fall flowersThe golden flower of fall has withered

Partly crisp and yellow under the sun

Petals droop

Soon, they will begin to fall

Slipping one-by-one to the somber soil of a new season

Mellow, it’s begun

Warm and wonderful under the sun

Waiting for what is to come

The golden flower now falling….





One + One = Two

Well, today’s the day.  An official announcement from me.  Oh sure, I’ve left clues.  A few l.e.t.t.e.r.s here or a couple of words there.  But, never an official announcement.  Not from me.  Not here…until today.

After 15 years, yes fifteen I’ve taken the plunge.  I’m proud to let my WordPress family know that I’ve written a new children’s picture book entitled, Babies of Two.

So how did this all come to be?  Many months ago during the whisper of a winter’s chill, words tapped upon my computer keys.  A story to be.  After printing pages out, I read them aloud to my wee granddaughter who giggled with glee.  “Again, Grandma, again,” she shouted.  Grabbing the sleeve of my arm, she added, “Let me see, let me see!”  Alas, no pictures from me…..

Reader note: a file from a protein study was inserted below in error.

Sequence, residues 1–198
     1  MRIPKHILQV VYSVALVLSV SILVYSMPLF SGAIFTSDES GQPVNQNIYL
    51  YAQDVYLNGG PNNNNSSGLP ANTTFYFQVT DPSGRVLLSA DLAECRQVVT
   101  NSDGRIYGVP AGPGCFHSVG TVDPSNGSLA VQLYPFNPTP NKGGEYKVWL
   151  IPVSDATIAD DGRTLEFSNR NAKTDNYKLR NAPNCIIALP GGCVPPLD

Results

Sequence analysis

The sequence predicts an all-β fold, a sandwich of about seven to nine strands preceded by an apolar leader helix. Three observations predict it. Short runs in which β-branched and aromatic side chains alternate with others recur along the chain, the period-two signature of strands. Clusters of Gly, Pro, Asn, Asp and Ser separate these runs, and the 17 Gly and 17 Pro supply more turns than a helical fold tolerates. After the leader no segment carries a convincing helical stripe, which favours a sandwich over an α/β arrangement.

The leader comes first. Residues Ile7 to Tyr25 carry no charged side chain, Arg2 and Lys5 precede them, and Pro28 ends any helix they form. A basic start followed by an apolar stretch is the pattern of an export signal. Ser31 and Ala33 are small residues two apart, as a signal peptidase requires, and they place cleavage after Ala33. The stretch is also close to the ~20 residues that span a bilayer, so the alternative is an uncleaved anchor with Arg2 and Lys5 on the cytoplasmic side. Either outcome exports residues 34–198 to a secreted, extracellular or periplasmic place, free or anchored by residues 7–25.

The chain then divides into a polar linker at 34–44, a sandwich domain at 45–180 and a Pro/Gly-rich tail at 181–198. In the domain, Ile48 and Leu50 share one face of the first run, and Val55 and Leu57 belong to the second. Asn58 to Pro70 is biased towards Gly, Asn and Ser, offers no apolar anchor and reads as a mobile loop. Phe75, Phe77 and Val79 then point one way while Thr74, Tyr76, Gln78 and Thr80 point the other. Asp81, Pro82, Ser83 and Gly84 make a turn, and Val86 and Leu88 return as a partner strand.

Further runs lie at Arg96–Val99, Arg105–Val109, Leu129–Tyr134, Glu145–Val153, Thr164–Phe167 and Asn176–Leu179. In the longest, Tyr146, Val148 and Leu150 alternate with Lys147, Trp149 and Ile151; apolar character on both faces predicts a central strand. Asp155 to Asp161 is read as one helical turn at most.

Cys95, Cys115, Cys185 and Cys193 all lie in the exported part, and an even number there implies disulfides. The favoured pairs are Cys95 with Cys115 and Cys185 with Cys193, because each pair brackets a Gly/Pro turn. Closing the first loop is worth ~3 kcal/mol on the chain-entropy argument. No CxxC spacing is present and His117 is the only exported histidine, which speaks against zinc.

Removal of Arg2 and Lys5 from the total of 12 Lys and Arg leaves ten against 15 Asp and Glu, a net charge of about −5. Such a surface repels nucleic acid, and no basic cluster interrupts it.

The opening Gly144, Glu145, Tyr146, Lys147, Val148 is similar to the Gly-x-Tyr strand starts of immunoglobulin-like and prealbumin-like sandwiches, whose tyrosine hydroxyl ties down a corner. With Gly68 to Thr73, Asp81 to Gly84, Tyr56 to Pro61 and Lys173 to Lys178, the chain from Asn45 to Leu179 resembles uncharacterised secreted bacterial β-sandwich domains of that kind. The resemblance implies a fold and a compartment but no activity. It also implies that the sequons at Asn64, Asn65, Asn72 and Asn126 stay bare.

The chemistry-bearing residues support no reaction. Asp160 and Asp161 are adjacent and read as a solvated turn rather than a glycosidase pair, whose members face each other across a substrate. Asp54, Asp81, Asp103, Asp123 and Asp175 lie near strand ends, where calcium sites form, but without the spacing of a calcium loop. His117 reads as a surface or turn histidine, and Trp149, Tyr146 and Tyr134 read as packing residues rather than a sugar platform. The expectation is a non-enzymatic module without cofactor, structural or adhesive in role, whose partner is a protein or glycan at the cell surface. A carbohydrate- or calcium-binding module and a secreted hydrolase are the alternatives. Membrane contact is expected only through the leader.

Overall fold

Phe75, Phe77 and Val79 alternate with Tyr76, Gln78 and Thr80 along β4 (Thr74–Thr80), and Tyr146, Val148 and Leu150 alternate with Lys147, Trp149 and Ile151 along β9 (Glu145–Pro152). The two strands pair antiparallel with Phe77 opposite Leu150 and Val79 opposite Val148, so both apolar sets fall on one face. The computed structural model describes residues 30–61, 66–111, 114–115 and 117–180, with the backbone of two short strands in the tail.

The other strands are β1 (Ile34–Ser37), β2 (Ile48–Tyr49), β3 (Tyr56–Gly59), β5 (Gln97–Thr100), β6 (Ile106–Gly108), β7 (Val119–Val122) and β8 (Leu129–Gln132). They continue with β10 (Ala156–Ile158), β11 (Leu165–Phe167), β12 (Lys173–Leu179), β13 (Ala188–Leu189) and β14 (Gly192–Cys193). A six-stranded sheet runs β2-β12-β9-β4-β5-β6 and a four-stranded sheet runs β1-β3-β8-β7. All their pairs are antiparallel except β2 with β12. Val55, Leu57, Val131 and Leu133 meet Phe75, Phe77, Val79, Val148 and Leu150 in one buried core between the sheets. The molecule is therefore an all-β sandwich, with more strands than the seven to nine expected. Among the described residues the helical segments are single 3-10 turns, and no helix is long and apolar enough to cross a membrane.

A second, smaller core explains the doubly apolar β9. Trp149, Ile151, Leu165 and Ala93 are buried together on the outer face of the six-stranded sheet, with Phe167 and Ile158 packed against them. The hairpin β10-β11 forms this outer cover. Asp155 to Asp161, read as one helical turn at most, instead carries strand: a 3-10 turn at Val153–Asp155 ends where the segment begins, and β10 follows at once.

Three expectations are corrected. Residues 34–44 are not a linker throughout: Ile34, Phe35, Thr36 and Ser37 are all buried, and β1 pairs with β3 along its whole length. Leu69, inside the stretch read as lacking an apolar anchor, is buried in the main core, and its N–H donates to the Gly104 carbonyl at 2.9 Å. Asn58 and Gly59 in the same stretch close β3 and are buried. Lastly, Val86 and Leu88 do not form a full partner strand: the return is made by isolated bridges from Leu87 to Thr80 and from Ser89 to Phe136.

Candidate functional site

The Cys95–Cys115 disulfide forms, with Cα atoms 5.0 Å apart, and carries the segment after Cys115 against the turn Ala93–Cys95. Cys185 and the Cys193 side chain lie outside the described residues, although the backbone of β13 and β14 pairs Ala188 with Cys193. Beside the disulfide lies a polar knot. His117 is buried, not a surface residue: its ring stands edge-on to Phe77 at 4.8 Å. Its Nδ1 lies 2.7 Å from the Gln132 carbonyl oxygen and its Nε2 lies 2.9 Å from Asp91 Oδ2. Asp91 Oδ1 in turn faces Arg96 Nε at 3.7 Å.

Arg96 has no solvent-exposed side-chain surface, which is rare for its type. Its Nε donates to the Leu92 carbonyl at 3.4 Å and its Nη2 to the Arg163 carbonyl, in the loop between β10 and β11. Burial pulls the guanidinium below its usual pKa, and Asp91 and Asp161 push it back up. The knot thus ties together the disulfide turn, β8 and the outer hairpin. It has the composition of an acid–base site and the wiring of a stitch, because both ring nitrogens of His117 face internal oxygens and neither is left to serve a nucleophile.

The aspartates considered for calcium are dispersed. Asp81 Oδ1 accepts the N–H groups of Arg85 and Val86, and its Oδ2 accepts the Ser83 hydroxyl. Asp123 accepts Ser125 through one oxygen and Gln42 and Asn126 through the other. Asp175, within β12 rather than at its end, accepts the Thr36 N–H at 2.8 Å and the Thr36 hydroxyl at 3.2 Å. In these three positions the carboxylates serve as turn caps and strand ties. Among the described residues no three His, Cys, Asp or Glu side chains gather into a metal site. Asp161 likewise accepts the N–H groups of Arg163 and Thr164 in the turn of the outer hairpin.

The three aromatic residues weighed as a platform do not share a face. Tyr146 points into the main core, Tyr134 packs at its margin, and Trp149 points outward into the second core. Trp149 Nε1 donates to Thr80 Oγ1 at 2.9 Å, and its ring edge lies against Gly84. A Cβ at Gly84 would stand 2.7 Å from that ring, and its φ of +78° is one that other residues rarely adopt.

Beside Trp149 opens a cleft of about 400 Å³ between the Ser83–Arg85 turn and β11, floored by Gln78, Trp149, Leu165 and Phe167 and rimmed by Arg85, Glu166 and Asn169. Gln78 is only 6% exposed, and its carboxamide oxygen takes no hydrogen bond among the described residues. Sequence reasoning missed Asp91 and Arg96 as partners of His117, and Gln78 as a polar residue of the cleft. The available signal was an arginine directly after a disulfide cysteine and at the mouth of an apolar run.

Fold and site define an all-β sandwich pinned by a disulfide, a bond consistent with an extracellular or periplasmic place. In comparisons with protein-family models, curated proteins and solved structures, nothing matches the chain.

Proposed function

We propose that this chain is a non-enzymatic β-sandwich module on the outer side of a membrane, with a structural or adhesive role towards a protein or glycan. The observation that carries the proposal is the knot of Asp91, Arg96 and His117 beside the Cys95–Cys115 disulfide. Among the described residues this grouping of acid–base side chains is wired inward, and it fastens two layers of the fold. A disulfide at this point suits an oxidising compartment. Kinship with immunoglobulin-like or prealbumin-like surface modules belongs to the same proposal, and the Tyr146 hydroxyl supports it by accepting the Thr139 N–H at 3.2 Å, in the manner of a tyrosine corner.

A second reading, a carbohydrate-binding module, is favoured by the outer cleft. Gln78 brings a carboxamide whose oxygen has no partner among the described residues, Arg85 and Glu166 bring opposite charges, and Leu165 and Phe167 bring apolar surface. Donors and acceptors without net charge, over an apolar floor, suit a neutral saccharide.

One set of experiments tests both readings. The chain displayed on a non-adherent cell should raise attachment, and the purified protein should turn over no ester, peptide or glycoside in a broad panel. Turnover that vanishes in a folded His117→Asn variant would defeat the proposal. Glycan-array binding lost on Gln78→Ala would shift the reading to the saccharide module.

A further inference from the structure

Within days, I came across a WordPress blog where an enchanting illustration captured my attention.  Posted by the talented artist Alisa Belzil, was a delightful illustration of a precocious little girl dressed in a yellow raincoat splish-splashing in puddles of mud.  Dancing above her head were droplets of rain cheerfully painted in water-color blue. Sadly, the child had no words to say….

From there fate stepped in to begin my journey with Alisa.  1+1=2.  Could this really be true?  What should I do?  As they say, ‘the rest is history.’  Writing is a great love of mine that plopped into my lap many moons ago.  Still, I haven’t published a book in over twenty years.  At the same time, Alisa had never designed or illustrated a book before Babies of Two.  Is it fair to say, we both had a lot to learn?

Alisa is an amazing artist, designer and illustrator.  Most of which I knew from the start, but there was something else hidden beyond her sketch pad and pots of paint.   A common bond between the two of us.  Month after month we focused our passion on the process with one goal in mind, to make our book the very best it could possibly be.  After that, our golden pot at the end of the rainbow was to win the hearts of children and caregivers through heart and humor with sprinkles of love throughout every page.